|WYOMING WRITERS LANDSCAPE
IS A LAND OF LIVING STORIES
Samuel Western writes of the human heart, at home in the modern American West and abroad throughout the the world and throughout history. His scenery is both rural and urban, contemporary and historical. He writes of real peoplepeople he has known and loved, people he never met but undertands nonetheless.
Every one of these piecesthe author calls them prose poemstells a story; that means something happens to someone. Someone changes, often because of a choice, but also because of elements out of our control: weather, hard work, the aging process, and the surprise of love. People are changed by events as big as death and as small as the sound of machinery and the color of food.
These poems, or sketches, or stories, take us far afield: to Rome and London, to Nova Scotia and New England, to Colonial Rhodesia. But always they return to the mountains and prairies of Wyoming and the Dakotas. The collection is full of weather; theres a lot of winter in this book. Also a lot of hard work, by both farm laborers and farm machinery. Life is struggle, and Western celebrates the struggler.
He also celebebrates the best of human relationships, even when they, too, are hard work: answering a young sons questions about how homosexuality works, or dealing with the same sons jealousy over his (the fathers) private love life. Many of Westerns pieces deal with love, sex, and the frustrated longing when the loves not quite there.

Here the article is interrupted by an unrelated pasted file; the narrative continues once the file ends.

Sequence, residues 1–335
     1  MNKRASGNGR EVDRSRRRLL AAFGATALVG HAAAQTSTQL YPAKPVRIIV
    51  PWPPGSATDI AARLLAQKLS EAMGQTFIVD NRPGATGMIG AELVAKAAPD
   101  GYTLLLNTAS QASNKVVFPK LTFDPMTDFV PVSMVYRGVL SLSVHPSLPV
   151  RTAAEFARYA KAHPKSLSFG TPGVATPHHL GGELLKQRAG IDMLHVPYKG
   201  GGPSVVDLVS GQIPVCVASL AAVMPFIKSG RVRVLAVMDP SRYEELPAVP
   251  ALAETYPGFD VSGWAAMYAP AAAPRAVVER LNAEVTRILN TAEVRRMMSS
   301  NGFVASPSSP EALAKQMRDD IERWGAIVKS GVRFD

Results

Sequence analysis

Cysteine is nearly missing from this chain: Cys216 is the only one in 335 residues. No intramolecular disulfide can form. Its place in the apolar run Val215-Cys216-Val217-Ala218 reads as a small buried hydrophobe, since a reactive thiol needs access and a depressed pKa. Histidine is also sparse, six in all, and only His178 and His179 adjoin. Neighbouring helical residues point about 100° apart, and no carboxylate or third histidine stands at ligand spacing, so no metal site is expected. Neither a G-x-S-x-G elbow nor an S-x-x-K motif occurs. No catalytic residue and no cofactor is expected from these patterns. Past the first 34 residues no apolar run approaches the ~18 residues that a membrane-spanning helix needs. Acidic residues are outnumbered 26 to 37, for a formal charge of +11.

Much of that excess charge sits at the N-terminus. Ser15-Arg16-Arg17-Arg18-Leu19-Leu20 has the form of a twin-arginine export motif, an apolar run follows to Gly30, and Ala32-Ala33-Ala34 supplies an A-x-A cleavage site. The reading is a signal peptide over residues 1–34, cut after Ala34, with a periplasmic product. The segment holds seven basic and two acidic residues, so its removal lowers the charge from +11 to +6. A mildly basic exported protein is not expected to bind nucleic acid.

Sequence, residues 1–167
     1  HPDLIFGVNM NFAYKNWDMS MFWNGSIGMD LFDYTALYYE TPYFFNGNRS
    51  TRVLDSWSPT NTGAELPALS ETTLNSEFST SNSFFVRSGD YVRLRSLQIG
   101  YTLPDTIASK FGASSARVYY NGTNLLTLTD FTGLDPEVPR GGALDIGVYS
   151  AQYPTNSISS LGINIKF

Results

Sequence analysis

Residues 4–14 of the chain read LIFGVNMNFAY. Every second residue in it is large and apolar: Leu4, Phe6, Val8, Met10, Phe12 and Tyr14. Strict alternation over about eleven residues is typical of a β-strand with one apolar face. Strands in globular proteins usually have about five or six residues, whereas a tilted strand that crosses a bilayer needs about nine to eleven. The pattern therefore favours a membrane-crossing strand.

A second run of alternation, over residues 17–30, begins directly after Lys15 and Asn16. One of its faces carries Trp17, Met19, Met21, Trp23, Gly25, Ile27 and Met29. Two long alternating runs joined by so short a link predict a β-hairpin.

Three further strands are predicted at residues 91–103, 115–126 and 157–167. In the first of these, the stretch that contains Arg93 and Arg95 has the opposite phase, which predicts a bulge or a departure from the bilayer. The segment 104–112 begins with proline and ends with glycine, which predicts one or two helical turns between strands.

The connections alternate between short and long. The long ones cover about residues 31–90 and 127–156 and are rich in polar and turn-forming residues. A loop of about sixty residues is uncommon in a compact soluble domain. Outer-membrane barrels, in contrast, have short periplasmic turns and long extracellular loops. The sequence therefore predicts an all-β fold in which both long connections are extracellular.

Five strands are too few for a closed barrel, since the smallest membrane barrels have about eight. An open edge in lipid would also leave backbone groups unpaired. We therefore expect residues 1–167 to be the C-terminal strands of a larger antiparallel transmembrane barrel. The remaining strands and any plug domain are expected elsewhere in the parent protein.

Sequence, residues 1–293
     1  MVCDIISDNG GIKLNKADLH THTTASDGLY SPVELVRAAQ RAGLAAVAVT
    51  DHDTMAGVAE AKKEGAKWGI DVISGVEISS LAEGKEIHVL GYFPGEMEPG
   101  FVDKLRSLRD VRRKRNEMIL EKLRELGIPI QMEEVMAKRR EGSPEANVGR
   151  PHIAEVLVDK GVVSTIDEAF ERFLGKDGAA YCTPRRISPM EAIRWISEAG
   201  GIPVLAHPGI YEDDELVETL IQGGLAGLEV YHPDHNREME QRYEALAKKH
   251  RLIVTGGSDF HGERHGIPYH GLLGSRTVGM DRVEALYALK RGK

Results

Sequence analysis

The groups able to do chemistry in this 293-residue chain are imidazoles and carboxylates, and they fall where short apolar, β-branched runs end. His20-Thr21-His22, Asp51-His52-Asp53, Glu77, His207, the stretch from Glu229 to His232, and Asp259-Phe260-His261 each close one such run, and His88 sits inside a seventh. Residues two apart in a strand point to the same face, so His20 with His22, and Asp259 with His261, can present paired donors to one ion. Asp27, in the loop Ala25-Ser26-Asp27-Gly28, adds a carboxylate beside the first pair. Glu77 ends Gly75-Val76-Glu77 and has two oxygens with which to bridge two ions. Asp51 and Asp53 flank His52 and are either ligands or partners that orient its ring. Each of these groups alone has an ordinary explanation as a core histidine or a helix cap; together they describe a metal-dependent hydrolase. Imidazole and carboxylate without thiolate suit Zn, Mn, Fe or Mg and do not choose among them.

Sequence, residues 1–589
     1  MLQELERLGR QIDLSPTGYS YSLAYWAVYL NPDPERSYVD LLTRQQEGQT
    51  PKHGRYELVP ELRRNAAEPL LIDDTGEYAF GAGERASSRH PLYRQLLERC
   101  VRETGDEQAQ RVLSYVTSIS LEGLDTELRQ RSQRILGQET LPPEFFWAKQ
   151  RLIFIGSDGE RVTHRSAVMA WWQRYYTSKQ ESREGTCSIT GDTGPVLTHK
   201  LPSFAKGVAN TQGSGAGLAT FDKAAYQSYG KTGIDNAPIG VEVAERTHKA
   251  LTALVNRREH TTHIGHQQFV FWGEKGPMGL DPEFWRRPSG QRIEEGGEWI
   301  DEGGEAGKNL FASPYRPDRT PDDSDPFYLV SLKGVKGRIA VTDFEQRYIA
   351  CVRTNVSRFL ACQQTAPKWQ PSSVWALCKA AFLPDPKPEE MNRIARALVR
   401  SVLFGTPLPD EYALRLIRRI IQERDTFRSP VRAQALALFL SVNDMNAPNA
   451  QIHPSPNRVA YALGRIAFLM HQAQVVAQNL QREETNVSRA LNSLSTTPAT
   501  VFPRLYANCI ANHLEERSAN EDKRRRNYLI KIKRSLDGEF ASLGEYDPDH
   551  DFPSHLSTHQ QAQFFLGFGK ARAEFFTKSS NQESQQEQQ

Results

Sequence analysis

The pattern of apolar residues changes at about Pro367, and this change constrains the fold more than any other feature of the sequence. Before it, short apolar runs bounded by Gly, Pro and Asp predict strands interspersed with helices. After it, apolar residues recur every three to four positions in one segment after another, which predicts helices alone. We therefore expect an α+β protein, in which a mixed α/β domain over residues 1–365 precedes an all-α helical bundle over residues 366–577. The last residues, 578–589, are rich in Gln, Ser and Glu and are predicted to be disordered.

Sensuality is not just in the sex. Its also in the food and drink: the pinot noir, the cassoulet, the asparagus and strawberries, the cherry tomatoes plucked from the garden at night by a lover in her underwear.
These honest, stylishly crafted prose poems are to be read and reread, so they can give up their pleasures in layers with each new reading.
Samuel Western has served in the Swedish merchant marine and worked as a commercial fisherman, contract logger, longshoreman, and hunting guide. He is the author of the book Pushed Off the Mountain, Sold Down the River: Wyoming's Search for Its Soul, and he has published poems and pieces in The Economist, Wall Street Journal, LIFE, Sports Illustrated, High Country News, Northern Lights, and Owen Wister Review. He holds an MFA from the University of Virginiawhere he also taught Englishand is the recipient of a Wyoming Literary Fellowship. He lives and writes in Sheridan, Wyoming.
||A Random Census of Souls
by Samuel Western
80 pages, paperback, 14.00
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